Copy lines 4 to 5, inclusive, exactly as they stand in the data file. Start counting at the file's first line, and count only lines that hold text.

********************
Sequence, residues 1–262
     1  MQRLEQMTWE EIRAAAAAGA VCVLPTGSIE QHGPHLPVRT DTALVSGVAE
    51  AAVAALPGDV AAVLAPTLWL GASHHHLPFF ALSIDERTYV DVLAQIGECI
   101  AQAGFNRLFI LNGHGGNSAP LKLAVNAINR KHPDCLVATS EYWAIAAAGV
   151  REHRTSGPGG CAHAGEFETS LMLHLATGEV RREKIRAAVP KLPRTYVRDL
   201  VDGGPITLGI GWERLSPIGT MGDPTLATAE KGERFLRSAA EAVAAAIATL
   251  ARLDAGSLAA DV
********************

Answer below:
   101  AQAGFNRLFI LNGHGGNSAP LKLAVNAINR KHPDCLVATS EYWAIAAAGV
   151  REHRTSGPGG CAHAGEFETS LMLHLATGEV RREKIRAAVP KLPRTYVRDL